Because if we define sexual objectification as seeing people as no more than the sum of their parts and what those parts can do for us sexually, then yes, of course women can objectify men.
After all, there are women out there who “use” men for sex with little regard to their feelings, personalities, or desires, just as men do to women.
And this recent ad from Kraft is just one example of a new trend in advertising known as “hunkvertising.”
Obviously these men — the ones being used for sex and the ones laid out in all their naked glory for the viewing pleasure of us ladies — are being objectified, right?
Unfortunately, it’s not as simple as that.
The Difference Between Sexual Objectification and Sexual Desire
Sexual objectification and sexual desire are two different things.
Sexual desire and attraction is a normal and natural part of life. It involves two (or more) people stating their desire for one another and consenting to mutually agreed-upon sexual activity.
So in the case of someone “using” the other for consensual sex, it’s not true objectification because both parties have agreed (hopefully!) to engage in the act.
Sexual objectification, however, puts one person in the role of subject and the other person in the role of object. In heterosexual coupled relationships, these roles are usually assigned to the man and woman, respectively.
Sexual objectification requires that one person choose what they want sexually and the other person is required to perform to their standards.
And this kind of thinking permeates our culture so deeply that sometimes we don’t even recognize it.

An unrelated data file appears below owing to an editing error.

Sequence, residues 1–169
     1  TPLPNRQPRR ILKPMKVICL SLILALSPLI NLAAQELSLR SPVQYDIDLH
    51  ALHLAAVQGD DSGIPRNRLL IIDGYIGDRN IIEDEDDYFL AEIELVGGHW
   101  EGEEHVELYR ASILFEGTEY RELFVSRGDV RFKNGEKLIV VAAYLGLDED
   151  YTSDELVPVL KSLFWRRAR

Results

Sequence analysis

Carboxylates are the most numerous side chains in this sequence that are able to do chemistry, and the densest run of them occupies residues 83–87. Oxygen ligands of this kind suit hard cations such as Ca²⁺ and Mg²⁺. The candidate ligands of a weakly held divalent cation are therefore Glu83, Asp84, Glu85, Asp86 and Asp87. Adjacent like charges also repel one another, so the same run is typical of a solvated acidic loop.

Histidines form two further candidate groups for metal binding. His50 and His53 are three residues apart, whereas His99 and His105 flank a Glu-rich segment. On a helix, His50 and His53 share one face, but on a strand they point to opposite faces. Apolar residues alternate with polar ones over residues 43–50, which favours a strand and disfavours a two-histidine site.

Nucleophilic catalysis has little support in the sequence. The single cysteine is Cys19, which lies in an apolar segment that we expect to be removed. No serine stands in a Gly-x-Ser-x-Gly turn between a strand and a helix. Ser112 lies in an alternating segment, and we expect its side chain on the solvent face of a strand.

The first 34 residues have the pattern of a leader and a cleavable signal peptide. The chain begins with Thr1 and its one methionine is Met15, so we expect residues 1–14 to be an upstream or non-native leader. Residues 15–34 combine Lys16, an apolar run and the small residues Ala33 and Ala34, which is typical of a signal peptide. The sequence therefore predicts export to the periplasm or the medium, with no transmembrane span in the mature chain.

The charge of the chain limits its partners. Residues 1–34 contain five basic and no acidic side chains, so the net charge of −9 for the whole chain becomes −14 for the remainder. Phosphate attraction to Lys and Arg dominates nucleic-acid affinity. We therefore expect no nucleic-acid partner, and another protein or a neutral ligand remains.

To understand how objectification works, we have to start at the societal level.
Sexual Objectification as the Status Quo
The status quo of sexual objectification places the man as the subject and the woman as the object.
This idea has been so ingrained in society that it’s become part of our everyday culture. Sexual objectification is everywhere.
We see it in the form of everyday advertising — companies use scantily clad female models to sell their products (and we see this in both men’s and women’s magazines).
We see it on TV: Female characters (even powerful ones, like hospital administrator Dr. Lisa Cuddy on the show House, M.D.) wear low-cut shirts and tight clothing, while their male colleagues dress in normal business attire or loose clothing.
It even shows up in our everyday actions, like when we tell girls in schools to dress a certain way to avoid “distracting” their male peers.
So even though male objectification occasionally occurs (usually in the form of advertising), we can’t forget the context within which this operates.
Often, male objectification is done in the form of tongue-in-cheek references to ads that have objectified women for centuries.
And even if it’s a man being objectified in an ad, he is usually shown in full form with complete awareness of his presence, unlike women who are often shown with heads missing or from the back, effectively dehumanizing them.